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MAY 11, 2017

It was only a small news item. And yet the short write-up in the Miami Herald had an outsized significance. According to the Miami area’s major newspaper, an octopus was recently found in a flooded underground car park in Miami Beach. Here was disturbing evidence of the rising sea levels that threaten important areas of the touristic seafront of Miami Beach.

The southernmost stretch of Miami Beach is known as the Art Deco District, a captivating area of historic hotels and tourist restaurants built mainly in the early 20th century. Most of the properties built there were sited on land much less than a meter above sea level. Already, one major mansion has been lifted from its beachfront position and moved inland to protect it from flooding. Since every scientific test supports the prediction that the world’s sea levels are rising, other seaside structures there must also be affected. And those elevated levels pose a distinct economic threat to the tourist-heavy Miami and Miami Beach.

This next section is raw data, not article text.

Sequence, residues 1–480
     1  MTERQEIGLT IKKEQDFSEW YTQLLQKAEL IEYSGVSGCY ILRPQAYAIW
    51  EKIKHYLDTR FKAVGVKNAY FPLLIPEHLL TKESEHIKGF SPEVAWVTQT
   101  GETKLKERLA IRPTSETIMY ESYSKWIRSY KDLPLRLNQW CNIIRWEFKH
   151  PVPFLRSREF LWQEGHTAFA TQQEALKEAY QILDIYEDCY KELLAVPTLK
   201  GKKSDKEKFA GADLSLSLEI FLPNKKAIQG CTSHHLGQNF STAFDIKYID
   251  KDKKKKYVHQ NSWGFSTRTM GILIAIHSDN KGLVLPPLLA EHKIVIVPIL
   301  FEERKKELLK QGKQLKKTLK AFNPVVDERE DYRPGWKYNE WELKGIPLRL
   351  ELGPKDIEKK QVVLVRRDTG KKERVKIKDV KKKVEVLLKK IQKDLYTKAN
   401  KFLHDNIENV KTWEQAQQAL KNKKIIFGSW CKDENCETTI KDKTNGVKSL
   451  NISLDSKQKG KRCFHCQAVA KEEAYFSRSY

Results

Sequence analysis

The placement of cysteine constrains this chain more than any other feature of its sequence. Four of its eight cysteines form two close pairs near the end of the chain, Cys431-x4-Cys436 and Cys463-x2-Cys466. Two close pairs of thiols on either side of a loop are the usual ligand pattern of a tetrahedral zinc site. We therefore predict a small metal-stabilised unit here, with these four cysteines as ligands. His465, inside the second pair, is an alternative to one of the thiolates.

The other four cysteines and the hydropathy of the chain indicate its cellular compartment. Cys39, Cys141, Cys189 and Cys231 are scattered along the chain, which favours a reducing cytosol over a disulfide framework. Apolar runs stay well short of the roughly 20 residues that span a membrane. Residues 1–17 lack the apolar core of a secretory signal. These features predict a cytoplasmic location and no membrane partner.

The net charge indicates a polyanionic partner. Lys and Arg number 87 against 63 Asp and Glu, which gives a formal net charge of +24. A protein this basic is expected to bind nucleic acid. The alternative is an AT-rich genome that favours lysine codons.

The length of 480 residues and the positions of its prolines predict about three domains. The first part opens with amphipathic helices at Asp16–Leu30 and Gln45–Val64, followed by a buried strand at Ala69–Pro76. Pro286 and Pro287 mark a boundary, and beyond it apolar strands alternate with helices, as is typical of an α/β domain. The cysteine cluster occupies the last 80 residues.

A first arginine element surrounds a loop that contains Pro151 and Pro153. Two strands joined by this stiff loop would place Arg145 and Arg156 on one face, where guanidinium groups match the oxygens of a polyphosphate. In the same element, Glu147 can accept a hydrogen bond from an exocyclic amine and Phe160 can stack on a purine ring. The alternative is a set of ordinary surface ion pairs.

On scattered days, sidewalks and yards there are already covered with water from the inexorably rising ocean. The Trump Administration’s new head of the Environmental Protection Agency to the contrary, there is no way to minimize this clear threat from the seas resulting from climate change. Tourism will be an early victim of this development, regardless of what climate-change deniers say.